The Macedonian side should seek clarification and dismissal of the Greek insistence upon erga omnes – ‘towards all’ – since it is invoked without being related to the context and content of the name issue, and is not grounded in any existing framework.
By Jana Lozanoska
The name issue between Greece and Macedonia remains one of the most unprecedented disputes in international fora, raising important questions concerning who has title over what, who is the ‘Master’ of what and, additionally, who defines the rules of the game.
The name issue arose when Macedonia declared independence in 1991. With the dissolution of Yugoslavia, there was only a change – albeit cumbersome – of the political and economic system. In the process of replacing one system with another, the name of the state went from the Socialist Republic of Macedonia to the Republic of Macedonia. What was omitted was only the signifier of the previous system.
This, however, was matter of concern for Greece; prompting its longstanding campaign to oppose, initially, the Republic of Macedonia’s collective recognition within the framework of the then European Communities and, subsequently, admission to the UN and, most recently, NATO accession. With bloodshed in Bosnia-Herzegovina overlapping with arguments on territorial pretensions advanced by Greece, the UN Security Council adopted resolution 817. Much scholarly analysis has demonstrated that the name issue as such – and, in particular, with respect to the Republic Macedonia – cannot in any case represent a ground for territorial pretensions as claimed by Greece. Additionally, this was confirmed by Opinion 6 of the Badinter Commission in relation to Macedonia’s request for independence.
The Interim Accord concluded in 1995 under economic pressure (i.e. embargo) is a bilateral framework which regulates relations between the two states. The main substantive obligation undertaken by Greece was not to block the Republic of Macedonia’s accession in international and regional organizations if done pursuant to Security Council Resolution 817. The outcome of the 2008 Bucharest Summit is well known; as is that of the proceedings initiated in front of the International Court of Justice (ICJ), which concluded that Greece infringed the said Interim Accord by virtue of blocking Macedonia’s bid to join NATO.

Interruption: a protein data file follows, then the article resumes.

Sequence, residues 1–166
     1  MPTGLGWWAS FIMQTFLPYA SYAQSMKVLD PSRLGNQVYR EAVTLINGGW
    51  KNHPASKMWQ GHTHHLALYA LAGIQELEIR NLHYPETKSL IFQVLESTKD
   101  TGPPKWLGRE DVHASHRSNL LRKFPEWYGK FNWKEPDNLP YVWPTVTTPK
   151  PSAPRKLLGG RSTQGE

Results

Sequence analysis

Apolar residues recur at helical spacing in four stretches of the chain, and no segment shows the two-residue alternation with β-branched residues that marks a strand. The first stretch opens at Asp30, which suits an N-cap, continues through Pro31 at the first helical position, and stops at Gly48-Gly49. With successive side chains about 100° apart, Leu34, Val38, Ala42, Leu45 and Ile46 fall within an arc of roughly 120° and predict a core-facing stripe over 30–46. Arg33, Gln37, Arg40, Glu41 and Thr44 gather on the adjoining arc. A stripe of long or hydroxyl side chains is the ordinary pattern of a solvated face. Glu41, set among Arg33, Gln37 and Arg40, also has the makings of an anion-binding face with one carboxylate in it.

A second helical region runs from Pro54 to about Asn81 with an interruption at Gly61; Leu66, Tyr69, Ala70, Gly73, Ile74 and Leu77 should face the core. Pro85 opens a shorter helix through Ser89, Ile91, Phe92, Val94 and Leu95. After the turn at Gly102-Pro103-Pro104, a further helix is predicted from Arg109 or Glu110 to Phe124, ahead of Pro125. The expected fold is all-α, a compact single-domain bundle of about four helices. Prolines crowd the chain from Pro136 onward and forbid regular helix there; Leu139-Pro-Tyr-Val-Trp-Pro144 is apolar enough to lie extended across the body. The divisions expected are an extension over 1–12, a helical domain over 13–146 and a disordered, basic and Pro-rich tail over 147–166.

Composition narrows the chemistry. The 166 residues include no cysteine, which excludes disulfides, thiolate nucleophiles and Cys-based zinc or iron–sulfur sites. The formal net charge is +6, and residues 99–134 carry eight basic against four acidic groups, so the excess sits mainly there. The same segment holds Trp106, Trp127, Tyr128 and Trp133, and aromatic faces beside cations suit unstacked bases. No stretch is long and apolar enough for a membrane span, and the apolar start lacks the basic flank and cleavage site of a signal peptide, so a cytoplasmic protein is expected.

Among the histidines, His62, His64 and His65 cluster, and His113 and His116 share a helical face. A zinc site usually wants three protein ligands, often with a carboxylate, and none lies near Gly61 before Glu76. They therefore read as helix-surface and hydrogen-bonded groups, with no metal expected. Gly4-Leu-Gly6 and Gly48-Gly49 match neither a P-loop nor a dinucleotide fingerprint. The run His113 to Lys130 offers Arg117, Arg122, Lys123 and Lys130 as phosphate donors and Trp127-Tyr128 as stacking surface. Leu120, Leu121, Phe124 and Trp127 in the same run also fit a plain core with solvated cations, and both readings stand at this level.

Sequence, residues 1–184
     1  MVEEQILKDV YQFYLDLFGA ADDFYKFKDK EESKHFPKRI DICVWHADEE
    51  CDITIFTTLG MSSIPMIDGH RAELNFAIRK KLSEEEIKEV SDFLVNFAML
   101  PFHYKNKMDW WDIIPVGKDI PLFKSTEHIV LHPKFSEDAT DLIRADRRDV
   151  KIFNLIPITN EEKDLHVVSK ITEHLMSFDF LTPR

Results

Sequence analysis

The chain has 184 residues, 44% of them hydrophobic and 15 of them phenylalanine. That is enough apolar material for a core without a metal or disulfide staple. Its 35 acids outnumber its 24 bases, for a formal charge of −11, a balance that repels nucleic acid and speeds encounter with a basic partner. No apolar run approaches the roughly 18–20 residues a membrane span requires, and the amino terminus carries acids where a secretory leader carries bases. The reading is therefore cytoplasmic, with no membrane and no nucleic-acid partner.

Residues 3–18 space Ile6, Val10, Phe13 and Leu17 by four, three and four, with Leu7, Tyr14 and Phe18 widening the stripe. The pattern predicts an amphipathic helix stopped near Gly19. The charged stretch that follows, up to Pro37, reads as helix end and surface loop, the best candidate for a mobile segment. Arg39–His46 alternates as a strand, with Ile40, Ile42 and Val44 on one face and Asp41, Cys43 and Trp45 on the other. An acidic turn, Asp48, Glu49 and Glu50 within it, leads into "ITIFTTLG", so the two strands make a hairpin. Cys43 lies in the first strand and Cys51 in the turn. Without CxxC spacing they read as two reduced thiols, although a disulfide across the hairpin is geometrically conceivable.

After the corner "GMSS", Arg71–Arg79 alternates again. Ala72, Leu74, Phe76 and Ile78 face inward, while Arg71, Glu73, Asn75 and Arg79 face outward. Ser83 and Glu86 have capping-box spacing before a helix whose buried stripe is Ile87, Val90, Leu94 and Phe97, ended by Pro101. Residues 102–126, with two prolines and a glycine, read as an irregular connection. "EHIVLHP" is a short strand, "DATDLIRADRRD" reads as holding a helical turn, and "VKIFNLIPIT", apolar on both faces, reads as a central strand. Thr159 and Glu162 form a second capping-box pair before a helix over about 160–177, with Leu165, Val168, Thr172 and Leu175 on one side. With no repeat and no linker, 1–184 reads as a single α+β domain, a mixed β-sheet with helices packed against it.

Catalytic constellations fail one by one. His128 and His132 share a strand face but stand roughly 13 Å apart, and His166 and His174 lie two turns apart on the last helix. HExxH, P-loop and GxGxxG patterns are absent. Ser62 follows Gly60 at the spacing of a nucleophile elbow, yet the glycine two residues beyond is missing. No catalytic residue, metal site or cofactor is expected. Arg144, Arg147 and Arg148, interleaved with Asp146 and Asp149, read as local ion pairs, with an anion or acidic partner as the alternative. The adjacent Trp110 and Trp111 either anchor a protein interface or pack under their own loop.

All this opposition is because Greece considers that it has title over Macedonia’s denomination. The arguments on territorial pretensions – both in terms of international law and relations – are inapplicable and, as such, the only question which remains is that of ownership. The requirements deriving from negotiations, and as well the writings of many Greek scholars, confirms such a stance; namely, that Greece approaches the name issue from the position of ownership.
Initially one should pose the question – what is to be owned? Can Greece own the name of the Republic of Macedonia? On what grounds can Greece claim title over the other state’s denomination of its contemporary political, economic, cultural system, distinct from its own and separated physically by borders? In this case there is nothing tangible that can be claimed, such as in cases with territorial or border delimitation disputes (for example, Croatia versus Slovenia). Further, on which basis can the renaming of the state and therefore the overall application of this eventually compounded name – i.e. erga omnes – be required?